WWF zooms in on Red Panda
The highly endangered species, found in the Himalayan region, is being treated as a top priority by the wildlife conservation organization, reports Satyen Mohapatra.
The WWF is determined to save the Red Panda from the brink of extinction. The highly endangered species, found in the Himalayan region, is being treated as a top priority by the wildlife conservation organisation.
As many as 30 species from all over the globe were currently in the priority list of WWF, said Associate Director (Areas India) Tariq Aziz. The organisation devotes extra resources on these species and brings them to the attention of the global community.
The Red Pandas, also called "Hunho" or "Firefox" in Chinese, were found only in the Himalayan region between 2,200 and 4,800 metres in Nepal, Bhutan, India and China.
A preeminent species of this region, Red Panda is the state animal of Sikkim and the mascot of the International Tea Festival in Darjeeling.
Aziz further explained that it was the health of the Red Panda which denoted the health of the forest and the entire ecosystem of the region. Conserving the species would automatically lead to the conservation of the ecosystem of the eastern Himalayan region which is a global biodiversity hotspot, he added.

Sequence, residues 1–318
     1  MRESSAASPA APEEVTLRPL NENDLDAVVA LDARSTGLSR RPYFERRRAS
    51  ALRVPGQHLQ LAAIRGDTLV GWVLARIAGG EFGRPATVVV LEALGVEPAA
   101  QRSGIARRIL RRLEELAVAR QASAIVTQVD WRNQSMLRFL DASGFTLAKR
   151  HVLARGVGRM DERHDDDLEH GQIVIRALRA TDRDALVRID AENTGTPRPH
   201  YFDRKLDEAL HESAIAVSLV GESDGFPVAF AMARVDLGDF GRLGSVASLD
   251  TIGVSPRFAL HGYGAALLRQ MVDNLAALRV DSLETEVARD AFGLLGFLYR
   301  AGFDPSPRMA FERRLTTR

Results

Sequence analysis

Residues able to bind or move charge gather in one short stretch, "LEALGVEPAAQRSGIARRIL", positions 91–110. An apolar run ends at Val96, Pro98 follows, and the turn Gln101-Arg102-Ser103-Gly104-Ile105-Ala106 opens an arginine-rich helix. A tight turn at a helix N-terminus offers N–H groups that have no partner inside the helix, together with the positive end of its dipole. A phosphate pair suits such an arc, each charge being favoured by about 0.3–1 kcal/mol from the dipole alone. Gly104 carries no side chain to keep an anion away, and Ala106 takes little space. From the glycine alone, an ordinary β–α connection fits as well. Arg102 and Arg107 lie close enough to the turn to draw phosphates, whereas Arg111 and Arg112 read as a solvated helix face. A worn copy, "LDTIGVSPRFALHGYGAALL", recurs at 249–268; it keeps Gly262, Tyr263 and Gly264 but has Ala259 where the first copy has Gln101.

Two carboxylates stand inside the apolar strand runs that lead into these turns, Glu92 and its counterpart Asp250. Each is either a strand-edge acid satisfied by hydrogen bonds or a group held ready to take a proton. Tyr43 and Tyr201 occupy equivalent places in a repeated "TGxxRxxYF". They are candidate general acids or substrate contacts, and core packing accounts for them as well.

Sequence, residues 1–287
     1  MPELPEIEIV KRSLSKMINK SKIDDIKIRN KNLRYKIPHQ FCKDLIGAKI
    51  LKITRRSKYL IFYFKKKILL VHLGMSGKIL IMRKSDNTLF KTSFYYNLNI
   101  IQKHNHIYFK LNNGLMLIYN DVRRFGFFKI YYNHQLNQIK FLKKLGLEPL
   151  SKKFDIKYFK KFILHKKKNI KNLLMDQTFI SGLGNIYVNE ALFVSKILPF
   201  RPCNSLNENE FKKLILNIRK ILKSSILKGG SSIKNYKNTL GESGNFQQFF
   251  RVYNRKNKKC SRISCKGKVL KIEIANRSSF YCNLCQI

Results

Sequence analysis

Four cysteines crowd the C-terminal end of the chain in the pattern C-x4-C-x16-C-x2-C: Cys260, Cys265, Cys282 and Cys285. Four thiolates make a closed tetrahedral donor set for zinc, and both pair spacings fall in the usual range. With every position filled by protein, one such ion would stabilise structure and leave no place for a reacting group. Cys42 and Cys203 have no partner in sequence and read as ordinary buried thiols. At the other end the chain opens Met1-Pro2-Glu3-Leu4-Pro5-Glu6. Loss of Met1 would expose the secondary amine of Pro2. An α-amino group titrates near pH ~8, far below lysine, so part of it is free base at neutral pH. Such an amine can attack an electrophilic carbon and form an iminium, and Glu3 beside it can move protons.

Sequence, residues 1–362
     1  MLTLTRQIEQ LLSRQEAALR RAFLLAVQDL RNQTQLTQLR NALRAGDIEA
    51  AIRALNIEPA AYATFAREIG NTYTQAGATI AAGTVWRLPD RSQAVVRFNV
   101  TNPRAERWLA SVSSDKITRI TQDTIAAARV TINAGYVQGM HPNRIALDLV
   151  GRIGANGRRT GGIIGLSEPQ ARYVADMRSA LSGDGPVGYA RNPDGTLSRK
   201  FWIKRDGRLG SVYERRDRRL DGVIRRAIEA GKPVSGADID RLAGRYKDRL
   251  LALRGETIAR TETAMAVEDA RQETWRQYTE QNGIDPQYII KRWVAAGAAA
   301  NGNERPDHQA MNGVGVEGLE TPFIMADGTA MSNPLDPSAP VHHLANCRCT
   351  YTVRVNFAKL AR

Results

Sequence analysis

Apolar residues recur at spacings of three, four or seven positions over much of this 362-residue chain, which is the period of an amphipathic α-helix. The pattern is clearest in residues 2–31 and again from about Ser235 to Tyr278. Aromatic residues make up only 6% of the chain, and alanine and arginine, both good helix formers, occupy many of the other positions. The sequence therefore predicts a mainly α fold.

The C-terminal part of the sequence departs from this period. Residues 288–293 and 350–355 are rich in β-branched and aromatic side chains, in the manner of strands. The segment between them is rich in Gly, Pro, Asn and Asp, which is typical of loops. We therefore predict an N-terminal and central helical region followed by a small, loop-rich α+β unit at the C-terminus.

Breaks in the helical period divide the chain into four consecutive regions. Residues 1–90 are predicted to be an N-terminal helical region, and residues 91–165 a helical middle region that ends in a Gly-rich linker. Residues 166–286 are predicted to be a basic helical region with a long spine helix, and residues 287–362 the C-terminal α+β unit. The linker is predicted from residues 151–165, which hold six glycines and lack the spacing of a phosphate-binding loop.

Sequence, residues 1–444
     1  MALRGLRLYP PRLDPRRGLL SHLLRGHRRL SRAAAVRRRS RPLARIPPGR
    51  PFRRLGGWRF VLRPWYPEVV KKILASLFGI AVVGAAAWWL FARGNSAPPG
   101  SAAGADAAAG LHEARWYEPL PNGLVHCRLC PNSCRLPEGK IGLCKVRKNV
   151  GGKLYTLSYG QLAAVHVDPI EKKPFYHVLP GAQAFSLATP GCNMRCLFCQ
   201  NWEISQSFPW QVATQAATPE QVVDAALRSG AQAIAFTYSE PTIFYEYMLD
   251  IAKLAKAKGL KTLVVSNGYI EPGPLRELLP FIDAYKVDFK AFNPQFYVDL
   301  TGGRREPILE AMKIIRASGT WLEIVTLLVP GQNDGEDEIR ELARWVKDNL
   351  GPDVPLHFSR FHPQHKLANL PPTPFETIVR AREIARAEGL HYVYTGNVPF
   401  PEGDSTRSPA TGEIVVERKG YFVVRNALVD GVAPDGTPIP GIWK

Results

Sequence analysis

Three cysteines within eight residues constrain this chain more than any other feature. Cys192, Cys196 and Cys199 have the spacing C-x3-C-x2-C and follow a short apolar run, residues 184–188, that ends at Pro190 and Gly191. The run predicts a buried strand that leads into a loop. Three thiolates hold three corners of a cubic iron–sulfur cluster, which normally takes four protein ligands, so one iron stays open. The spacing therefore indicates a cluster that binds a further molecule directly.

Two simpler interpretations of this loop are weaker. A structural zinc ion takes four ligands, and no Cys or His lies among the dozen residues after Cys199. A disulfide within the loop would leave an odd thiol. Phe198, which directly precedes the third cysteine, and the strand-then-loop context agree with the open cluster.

However, there is hardly any baseline data available on the Red Panda, though it is understood that the number of Red Pandas was going to decline over the years primarily due to habitat destruction on account of deforestation and lumbering activities. The main diet of Red Pandas is bamboo leaves and shoots. The Nepalese call the pandas 'Nigalya ponya" or eater of bamboos. Being great climbers, the pandas build their nests and live in tree hollows.
The major threat to the species came from poachers and fur traders who killed them for fur, besides those who wanted to keep the docile animals as pets.
WWF India has initiated a project on the Red Panda in Sikkim, for developing an indepth understanding of the species to help develop a long-term conservation plan.
"During the last one and a half years in Sikkim, there were only two sightings of the Red Panda," he said.
While in India Red Pandas are protected under the Wildlife (Protection)Act 1972, internationally they are also protected and listed in Appendix II of the Convention on International Trade in Endangered Species of Wild Flora and Fauna.
'Our job,' the WWF official says, 'is to find out where does the Red Pandas live, what is their approximate number, what kind of fragmentation their habitat has suffered, and can the fragmented habitat be re-joined'.
'We would like to create a GIS-based data set on Red Pandas that would help us do modelling of their habitat,' Aziz added.